Steve Clark’s bongohelmet damn near sliced his ears off.

Tomorrow i shall rest and reconsider my policy of riding to events. I’ll be doing well to ride out and back next weekend; it’s the Gillingham Hilly.

 

on the pain of the first race and how the wind tore my pins out

Yesterday was beautifully calm and sunny. Given that this is officially the worst winter since the quaternary glaciation, it felt like summer had arrived. Which made it all the more inevitable that today’s race would be run off in a darkening, ferocious gale with the omnipresent threat of rain.

Having been frozen out by the weather at this time of year in ice ages past, i again opted for discretion over valour. I wore a full length, long sleeve merino base layer over a short sleeve merino baselayer, with a long sleeve skinsuit, full legwarmers, winter gloves and industrial strength winter neoprene overshoes. I took no chances. I also wore my spangly new helmet, which fits very snugly and weighs next to nothing.

so how many Megabloks can i get for this one space helmet, Dad?

The Severn Road Club use the U17, it’s a tough course with about 1300 feet of undulations. The roar surface is pitted and getting beyond repair. They’ve done that thing where it looks a giant with an enormous tub of gritty black polyfilla has scraped over a huge hole. If you measured the distance and took into account the size of the depth of the fissures and tectonic gaps you’d find the course is significantly further than 25 miles. I think this is known as self-similarity, but i might be misremembering my studies into Chaos Theory.

One of the smaller potholes on the A38

I took it relatively easy on the way out, emboldened slightly by the mother of all tailwinds, but nervous about the last 9 miles after the turn and the savage assault to come. At 5 or so miles I had an average speed of 32mph. This dropped around the two short loops where the course deviates into the Alveston badlands, but heading for the turn i was up to a tidy 27mph, which i felt was perfectly reasonable given the swirling tornado. By this point my number was flapping violently in the gale, the wind had torn the pins out on one side.

I circumnavigated the roundabout at Slimbridge with a degree of caution. It’s a big roundabout. By the time I’d started to turn into the wind it became clear that things were about to change for the worse. I was using a Hed 3 trispoke on the front. It always raises an eyebrow on a windy day. I had a few spicy moments when a gap in the hedge made me wobble slightly, but generally it was within tolerance, whatever tolerance is. Some people really don’t cope with a gusting crosswind. I don’t mind it too much.

The journey back from the turn was an exercise in damage limitation; i had one overriding desire: to come in under the hour. I haven’t gone over the hour since i used a road bike and didn’t want to start now. I turned the Garmin screen off and clung on, trying desperately to make up time on any sheltered and downhill bits. It seemed just about manageable, but the drag up towards Stone was exhausting. The wind picked up and it was squeaky bum time; the bike was starting to do strange things, flick and twitch. Once through the funnel of doom I pushed to the line and managed a 59.32. It’s by far my slowest 25 for about 4 years, discounting any hilly courses, and shows just how hard a day it was. I scraped a 22mph average for the return leg. Nevertheless, it was the same for everyone and it was good enough for the win, with only one other rider coming in under the hour. There were several 2-up teams out on the course, Ben Anstie and James Cartridge glided round to a 55.30, making the most of company riding with a superlative effort.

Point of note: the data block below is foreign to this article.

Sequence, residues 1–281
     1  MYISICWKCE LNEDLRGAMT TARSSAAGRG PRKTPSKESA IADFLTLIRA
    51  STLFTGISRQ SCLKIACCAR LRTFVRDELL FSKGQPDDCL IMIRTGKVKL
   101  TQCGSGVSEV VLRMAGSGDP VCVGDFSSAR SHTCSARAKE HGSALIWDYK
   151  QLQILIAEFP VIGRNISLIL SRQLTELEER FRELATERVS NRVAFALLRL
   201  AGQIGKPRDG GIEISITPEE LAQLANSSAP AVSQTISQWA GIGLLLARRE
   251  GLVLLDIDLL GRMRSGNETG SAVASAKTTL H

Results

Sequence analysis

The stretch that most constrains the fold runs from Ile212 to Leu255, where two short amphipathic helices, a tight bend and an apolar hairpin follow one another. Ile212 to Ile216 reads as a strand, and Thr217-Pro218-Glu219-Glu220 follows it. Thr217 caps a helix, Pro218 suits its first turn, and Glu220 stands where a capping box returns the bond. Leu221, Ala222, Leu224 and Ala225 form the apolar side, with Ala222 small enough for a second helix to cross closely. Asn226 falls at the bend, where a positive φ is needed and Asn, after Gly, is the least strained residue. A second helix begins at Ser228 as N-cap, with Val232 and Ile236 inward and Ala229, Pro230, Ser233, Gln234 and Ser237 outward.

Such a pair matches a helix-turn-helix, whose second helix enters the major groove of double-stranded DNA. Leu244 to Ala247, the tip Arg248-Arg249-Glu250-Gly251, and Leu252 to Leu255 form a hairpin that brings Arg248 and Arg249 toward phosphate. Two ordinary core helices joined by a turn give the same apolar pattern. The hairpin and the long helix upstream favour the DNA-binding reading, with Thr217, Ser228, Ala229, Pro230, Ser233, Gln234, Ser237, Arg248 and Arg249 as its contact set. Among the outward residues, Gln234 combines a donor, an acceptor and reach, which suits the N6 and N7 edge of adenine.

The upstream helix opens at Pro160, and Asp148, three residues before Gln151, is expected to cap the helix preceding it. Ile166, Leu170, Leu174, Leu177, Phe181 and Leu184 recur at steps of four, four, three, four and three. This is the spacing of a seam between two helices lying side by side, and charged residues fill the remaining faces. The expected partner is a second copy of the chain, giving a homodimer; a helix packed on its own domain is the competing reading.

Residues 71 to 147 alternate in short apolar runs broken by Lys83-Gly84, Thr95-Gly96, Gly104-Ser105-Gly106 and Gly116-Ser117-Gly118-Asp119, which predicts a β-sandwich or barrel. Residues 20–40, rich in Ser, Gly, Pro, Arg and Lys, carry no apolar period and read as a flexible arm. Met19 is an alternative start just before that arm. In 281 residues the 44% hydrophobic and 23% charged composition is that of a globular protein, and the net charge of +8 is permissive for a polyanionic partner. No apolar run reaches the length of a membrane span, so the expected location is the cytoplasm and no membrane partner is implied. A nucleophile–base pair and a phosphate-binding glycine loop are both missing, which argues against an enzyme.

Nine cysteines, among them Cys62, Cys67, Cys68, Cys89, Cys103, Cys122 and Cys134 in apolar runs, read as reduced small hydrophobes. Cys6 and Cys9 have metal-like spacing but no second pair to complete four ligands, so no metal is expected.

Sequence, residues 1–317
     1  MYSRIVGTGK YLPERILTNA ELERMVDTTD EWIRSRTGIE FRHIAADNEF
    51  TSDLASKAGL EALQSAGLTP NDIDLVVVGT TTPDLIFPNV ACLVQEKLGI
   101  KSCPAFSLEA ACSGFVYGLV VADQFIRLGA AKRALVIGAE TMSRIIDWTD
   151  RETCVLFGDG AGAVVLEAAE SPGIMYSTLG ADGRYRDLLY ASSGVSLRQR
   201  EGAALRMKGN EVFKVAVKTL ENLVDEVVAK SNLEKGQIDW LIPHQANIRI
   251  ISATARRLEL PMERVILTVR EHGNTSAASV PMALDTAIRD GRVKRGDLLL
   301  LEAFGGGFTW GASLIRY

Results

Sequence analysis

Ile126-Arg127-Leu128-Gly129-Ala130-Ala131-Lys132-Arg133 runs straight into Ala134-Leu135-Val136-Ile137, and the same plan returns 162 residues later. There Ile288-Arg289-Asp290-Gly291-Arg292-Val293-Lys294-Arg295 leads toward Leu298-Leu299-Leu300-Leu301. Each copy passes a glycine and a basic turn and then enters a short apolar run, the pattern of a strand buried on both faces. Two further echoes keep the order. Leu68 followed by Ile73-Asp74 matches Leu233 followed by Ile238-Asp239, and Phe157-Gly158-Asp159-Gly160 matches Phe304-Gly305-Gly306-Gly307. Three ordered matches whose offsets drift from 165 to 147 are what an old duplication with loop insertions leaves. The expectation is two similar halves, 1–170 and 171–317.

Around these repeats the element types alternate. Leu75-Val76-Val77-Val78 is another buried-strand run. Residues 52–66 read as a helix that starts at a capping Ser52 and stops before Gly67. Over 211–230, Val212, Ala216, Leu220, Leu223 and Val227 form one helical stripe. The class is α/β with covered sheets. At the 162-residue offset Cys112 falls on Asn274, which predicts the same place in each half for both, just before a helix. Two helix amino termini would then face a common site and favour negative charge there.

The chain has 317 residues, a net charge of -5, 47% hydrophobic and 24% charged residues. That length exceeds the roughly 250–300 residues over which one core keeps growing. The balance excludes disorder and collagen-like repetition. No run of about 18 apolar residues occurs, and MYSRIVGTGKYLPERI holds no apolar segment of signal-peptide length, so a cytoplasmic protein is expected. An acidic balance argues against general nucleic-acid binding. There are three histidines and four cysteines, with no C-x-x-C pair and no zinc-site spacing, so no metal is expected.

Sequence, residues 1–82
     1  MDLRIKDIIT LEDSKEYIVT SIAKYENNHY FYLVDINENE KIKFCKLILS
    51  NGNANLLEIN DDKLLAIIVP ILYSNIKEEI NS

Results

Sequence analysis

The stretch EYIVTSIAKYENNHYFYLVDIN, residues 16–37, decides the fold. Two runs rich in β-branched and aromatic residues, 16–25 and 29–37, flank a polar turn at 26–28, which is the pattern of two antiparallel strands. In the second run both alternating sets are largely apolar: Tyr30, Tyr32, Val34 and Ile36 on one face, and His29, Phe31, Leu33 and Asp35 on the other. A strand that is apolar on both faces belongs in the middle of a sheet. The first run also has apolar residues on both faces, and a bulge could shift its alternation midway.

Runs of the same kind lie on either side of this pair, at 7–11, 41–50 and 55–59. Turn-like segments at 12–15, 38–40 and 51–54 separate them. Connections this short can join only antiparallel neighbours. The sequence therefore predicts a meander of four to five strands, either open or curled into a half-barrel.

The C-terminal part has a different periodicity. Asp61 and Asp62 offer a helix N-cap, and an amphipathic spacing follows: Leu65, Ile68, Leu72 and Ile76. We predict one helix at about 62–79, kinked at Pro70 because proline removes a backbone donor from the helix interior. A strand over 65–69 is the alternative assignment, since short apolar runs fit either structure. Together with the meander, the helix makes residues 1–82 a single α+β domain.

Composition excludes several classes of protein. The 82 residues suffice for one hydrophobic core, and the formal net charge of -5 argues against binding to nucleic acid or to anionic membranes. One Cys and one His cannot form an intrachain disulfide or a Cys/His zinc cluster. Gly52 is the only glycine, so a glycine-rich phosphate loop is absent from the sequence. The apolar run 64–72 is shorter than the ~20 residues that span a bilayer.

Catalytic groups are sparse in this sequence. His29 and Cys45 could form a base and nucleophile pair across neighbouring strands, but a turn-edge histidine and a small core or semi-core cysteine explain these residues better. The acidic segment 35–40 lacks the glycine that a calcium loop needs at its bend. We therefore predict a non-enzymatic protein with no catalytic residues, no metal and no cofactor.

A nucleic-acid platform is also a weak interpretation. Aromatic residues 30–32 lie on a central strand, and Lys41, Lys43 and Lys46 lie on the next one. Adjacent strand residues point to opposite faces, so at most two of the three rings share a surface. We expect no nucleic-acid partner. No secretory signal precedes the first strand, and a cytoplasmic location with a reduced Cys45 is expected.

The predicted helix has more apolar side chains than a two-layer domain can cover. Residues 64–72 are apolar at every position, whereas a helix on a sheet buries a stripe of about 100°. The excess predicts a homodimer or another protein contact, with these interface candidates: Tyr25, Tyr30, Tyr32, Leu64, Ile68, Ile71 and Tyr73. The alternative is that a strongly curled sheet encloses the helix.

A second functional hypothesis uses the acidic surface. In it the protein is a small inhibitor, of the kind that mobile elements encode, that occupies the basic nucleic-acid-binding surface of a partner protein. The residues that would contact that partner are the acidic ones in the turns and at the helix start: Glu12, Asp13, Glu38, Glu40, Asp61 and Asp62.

Clubmate Jo Knight took the women’s prize with a 1.14, an incredible effort in the circumstances. She was going to ride home, a piffling 19 more miles into the teeth of the headwind; i gave her a lift.

It’s peculiar to take a win in the first event of the season. The pressure’s off, I guess. It’s also good to be racing and seeing the familiar faces coming out of hibernation.

Jo battles the elements on a team-issue weapon, with sensible wheels

slightly less sensible wheel choice

Simon did the 2-up. The faraway look in his eye tells a tale of bravery, supreme physical effort and an unfettered devotion to the sport.

Next week the hilly season starts, with the Chippenham Hardrider. I am silently hoping for benign weather.

6 Days of Paris

There is a series of Cartier-Bresson photos taken at the 1957 Paris 6-Day. They are up to view at the Magnum website. The Meeting took place at the Velodrome D’Hiver and seems to be from the era when “6 Days” meant 6 full days and nights of racing. The Velodrome was destroyed by fire in 1959. It’s also notorious as being the site of the Vel D’Hiv Roundup.

Slightly Hilly Legtester

When the weather has been horribly stinky for such a long time it seems almost anomalous to be out in glorious sunshine. I’ve taken to using my rain jacket as the default piece of cycling gear, but today was able to wear a soft shell. Even then i felt slightly overdressed. By way of overcompensating for the absence of horrible conditions i opted for a horrible route, including several of the steepest and nastiest climbs in the Mendips. Most of them began with the letter ‘D’; Dundry, Deer Leap, Draycott…

The silver strip in the middle is the Levels; an inland sea

Priddy amazing signpost

All chick-hens accounted for

The first race of the season is on Sunday; it’s a 25. I tried the time trial bike yesterday; it seemed to still work, which is more than can be said for my ageing legs.